Juggling work-life balance can be a real three-ring circus, which Lauren & Jesse know first hand. Led by listener questions, the Work, Play, Love Podcast is all about sports, biz, and family. [ASK YOUR QUESTION]
It’s the “Dad” episode! In honor of Fathers’ Day, Lauren and Jesse field questions all about parenthood through the lens of being a dad, relationships with dads, and more. They cover topics like post-partum depression for dads, what to do when your kids favor mom more than dad, how to maintain a healthy relationship with a dad after divorce, and how to respond to your dad when he lectures you about your life choices. Plus, Jesse and Lauren talk snack science, writing workshops, and listeners write in with follow ups about mom guilt, leg-shaving, and more.
This episode is brought to you by New York Road Runners. Join their virtual Pride Run 5K through Strava any time between 6/22-6/30. Head over to Nyrr.org/virtualracing/workplaylove to register and show your Pride today! [Read More]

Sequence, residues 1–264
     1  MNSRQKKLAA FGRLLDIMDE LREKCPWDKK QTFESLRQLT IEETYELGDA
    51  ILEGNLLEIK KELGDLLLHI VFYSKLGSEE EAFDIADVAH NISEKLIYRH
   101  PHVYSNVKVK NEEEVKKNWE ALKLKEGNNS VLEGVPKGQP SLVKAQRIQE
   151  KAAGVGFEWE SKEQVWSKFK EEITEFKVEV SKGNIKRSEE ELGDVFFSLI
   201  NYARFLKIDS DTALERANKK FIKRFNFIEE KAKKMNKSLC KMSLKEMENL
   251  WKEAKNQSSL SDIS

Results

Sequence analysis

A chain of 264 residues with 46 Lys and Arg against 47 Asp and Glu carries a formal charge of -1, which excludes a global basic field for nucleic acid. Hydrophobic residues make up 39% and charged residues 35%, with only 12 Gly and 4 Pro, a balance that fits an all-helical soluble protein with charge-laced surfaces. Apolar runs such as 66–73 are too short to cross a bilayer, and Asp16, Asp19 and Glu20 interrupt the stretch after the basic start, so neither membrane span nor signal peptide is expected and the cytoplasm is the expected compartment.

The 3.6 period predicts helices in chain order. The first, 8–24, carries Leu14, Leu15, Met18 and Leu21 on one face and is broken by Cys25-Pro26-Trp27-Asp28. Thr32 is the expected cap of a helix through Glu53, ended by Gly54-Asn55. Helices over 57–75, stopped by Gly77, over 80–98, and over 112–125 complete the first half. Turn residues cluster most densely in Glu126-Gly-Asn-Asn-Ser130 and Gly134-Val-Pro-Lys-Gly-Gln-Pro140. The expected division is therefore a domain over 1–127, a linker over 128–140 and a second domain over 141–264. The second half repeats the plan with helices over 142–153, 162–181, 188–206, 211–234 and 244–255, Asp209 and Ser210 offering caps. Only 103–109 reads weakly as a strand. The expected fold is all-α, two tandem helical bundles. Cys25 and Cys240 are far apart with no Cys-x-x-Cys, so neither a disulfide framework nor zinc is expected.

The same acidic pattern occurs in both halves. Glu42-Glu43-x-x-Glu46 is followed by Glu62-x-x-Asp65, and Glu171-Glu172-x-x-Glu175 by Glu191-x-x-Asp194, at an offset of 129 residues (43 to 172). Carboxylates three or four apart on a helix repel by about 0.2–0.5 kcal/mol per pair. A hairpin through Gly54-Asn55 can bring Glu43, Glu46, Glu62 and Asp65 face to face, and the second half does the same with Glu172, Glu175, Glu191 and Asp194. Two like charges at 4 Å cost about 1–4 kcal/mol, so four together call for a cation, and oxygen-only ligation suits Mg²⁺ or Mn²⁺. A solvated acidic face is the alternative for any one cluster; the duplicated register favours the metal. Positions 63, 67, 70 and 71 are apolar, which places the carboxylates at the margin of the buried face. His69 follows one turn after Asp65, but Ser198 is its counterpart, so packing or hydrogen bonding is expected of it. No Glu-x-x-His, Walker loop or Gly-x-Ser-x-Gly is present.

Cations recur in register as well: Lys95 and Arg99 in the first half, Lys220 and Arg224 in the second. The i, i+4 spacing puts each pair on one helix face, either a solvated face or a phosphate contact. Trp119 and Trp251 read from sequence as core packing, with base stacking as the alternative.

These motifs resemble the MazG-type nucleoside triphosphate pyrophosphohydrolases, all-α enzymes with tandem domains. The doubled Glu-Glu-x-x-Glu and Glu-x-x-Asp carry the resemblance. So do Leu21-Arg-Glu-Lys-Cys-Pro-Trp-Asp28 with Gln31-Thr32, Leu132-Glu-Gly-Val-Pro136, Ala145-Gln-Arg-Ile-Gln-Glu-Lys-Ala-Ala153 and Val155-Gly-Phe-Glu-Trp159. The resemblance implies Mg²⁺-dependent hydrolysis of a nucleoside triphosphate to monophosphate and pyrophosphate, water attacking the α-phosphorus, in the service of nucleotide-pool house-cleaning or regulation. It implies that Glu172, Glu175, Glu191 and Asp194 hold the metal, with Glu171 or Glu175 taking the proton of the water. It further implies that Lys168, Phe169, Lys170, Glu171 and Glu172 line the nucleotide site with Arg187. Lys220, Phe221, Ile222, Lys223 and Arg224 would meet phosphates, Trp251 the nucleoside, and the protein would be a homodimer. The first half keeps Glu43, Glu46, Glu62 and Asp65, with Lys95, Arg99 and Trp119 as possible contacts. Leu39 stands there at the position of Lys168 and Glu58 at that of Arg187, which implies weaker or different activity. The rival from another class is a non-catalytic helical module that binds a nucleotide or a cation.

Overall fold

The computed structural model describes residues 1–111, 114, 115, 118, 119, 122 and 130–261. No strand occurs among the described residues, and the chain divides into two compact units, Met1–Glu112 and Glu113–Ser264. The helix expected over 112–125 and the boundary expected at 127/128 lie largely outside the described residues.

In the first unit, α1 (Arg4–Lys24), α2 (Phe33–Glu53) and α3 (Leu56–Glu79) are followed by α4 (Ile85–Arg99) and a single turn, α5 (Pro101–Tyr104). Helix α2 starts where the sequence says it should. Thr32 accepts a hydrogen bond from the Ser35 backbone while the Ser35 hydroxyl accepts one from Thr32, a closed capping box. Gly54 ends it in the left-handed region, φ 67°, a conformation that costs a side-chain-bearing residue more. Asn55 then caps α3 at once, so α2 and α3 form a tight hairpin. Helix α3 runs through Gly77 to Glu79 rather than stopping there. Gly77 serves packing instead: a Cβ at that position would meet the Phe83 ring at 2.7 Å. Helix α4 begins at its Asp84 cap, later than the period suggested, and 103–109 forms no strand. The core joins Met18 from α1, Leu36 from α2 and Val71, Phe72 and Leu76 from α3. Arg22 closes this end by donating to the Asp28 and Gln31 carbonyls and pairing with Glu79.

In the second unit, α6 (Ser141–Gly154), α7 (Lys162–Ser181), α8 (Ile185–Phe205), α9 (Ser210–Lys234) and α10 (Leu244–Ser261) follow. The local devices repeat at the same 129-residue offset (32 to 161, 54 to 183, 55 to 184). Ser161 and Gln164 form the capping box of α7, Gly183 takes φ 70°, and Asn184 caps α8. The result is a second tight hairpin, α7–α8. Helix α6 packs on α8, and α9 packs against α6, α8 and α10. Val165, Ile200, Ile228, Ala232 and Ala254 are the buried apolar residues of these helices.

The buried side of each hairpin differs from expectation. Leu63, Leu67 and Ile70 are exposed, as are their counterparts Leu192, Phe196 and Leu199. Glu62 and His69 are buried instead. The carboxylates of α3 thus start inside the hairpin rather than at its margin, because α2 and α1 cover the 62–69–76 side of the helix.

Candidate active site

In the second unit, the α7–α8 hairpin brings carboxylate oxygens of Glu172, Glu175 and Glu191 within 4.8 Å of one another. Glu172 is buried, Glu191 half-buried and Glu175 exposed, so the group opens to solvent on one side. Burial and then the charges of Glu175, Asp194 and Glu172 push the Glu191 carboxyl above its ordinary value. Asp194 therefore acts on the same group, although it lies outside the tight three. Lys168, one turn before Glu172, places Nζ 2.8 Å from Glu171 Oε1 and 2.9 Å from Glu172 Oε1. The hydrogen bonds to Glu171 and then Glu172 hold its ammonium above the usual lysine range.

Jesse’s been laser focused at Picky Bars, working hard to fill the National Sales role. In fact, it’s almost like he’s training for an event like Kona or Challenge Roth—he’s just giving that effort and energy to the business. He shares his thoughts about recruiting for the role, and how he’s struggling to know what the best-fit candidate will look like. But while things are a little stressful at work, play’s looking up! Jesse talks about his first swim post-boot in his new Roka thermal wetsuit.